Saturday, October 07, 2017

NYFF ’17: On the Beach at Night Alone

Hong Sang-soo is often dubbed the “Korean Woody Allen,” but that superficial comparison was never really that apt, until now. Hong’s extramarital relationship with thirty-something actress Kim Min-hee (star of Right Now, Wrong Then) is nowhere near as problematic as Allen carrying on with his long-term girlfriend’s adopted daughter, but the resulting Korean scandal has been even more intense. Adding fuel to the fire, Hong finally acknowledged the relationship at a press conference for one of his three most recent films, in which an actress played by Kim herself deals with the fallout resulting from her affair with a prestigious director. You could think of it as Hong’s Husbands and Wives. Regardless, the meta-ness is often downright uncomfortable in On the Beach at Night Alone (trailer here), which screens as a Main Slate selection of the 55th New York Film Festival.

Even though she is still young, Young-hee’s acting career was already in the doldrums before her affair with Sang-won. To avoid the media feeding frenzy, she first visits her friend Jee-young in Hamburg and then tries laying low in her provincial small town. She walks incessantly, while her friends do their best to distract her. Yet, she compulsively ruminates on her scandal, yearning to see him again, yet deeply regretting their affair.

Throw in a prodigious amount of drinking and you pretty much have Hong’s film in a nutshell. Of course, there is more to it than that. However, much like The Day After, Beach, lacks the narrative gamesmanship that has distinguished Hong’s best recent films. Arguably, there is still a bifurcated structure, split between Hamburg and Korea, but it follows in strict chronological order.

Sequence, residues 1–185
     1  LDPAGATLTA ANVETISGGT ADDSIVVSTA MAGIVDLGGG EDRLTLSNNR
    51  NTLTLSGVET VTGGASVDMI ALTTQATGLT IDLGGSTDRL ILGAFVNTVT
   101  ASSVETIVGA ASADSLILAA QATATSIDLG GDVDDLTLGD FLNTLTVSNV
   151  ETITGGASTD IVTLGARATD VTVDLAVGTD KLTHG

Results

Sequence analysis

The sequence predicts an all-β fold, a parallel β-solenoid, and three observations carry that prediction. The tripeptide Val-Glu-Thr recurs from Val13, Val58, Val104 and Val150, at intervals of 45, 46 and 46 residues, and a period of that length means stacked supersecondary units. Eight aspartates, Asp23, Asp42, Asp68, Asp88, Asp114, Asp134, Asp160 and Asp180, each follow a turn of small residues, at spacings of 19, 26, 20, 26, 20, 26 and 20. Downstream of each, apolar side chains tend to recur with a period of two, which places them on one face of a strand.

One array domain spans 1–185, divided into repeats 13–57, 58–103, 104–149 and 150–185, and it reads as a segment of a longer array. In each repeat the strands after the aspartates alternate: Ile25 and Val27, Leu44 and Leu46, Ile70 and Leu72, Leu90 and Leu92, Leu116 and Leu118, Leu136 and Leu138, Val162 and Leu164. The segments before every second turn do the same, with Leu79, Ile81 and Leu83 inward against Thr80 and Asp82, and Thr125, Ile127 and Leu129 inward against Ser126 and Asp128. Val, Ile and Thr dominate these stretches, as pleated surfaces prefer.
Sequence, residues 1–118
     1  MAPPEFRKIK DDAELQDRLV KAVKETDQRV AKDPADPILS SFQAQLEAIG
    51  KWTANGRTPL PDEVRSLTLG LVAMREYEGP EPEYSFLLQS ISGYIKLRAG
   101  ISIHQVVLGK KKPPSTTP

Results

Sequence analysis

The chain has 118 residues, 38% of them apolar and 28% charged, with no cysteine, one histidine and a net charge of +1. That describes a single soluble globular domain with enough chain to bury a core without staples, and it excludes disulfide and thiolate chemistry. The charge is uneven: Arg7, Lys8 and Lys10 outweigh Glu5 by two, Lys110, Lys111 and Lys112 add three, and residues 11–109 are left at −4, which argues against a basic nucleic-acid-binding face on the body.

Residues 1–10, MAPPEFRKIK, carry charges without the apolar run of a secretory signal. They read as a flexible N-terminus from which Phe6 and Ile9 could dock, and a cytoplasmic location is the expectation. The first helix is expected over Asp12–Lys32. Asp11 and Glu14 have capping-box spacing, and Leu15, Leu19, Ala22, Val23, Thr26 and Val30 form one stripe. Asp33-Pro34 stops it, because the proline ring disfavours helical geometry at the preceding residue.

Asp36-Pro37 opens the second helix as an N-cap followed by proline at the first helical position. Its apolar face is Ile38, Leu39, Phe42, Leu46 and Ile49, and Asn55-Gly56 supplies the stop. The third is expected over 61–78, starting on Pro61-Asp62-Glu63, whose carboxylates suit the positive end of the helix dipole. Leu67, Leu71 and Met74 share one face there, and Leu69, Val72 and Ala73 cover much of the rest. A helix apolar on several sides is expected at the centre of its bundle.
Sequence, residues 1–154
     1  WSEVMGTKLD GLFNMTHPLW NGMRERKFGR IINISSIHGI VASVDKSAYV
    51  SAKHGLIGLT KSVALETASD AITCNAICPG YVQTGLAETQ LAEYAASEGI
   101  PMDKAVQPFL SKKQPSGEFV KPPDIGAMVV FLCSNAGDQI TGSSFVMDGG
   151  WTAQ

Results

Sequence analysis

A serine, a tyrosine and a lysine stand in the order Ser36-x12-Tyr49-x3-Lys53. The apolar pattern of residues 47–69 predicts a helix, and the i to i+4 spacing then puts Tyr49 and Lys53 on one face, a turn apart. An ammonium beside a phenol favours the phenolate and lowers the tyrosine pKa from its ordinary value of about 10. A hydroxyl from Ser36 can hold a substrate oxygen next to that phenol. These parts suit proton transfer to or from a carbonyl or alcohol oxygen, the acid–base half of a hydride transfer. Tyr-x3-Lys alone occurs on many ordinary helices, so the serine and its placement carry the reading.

Kim is quite arresting playing a slightly unstable analog of herself, but her exquisitely sensitive performance in The Day After is even more accomplished and arresting. Arguably, the finest work in the film comes from Seo Young-hwa, who charms and disarms as the complex but defiantly independent Jee-young. Kwon Hae-hyo exemplifies an exemplary Hong supporting character as Young-hee’s shaggy haired, hard-drinking art-house programmer crony Chun-woo. As if we needed additional layers of irony, actor-turned-politician Moon Sung-keun memorably appears as the adulterous Sang-won.

Beach is a revealingly personal film that will loom large for anyone studying Hong and his oeuvre. Nevertheless, it is not one of his more rewarding films. Kim Min-hee and Seo Young-hwa do nice work, but they cannot dispel the awkward vibe. Even viewers not hip to the behind-the-scenes drama will pick up on it. If you only see one Hong Sang-soo film at this year’s NYFF, it should definitely be The Day After. Recommended mostly for dedicated Hong and Kim fans, On the Beach at Night Alone screens tomorrow (10/8) and Monday (10/9), as part of this year’s New York Film Festival.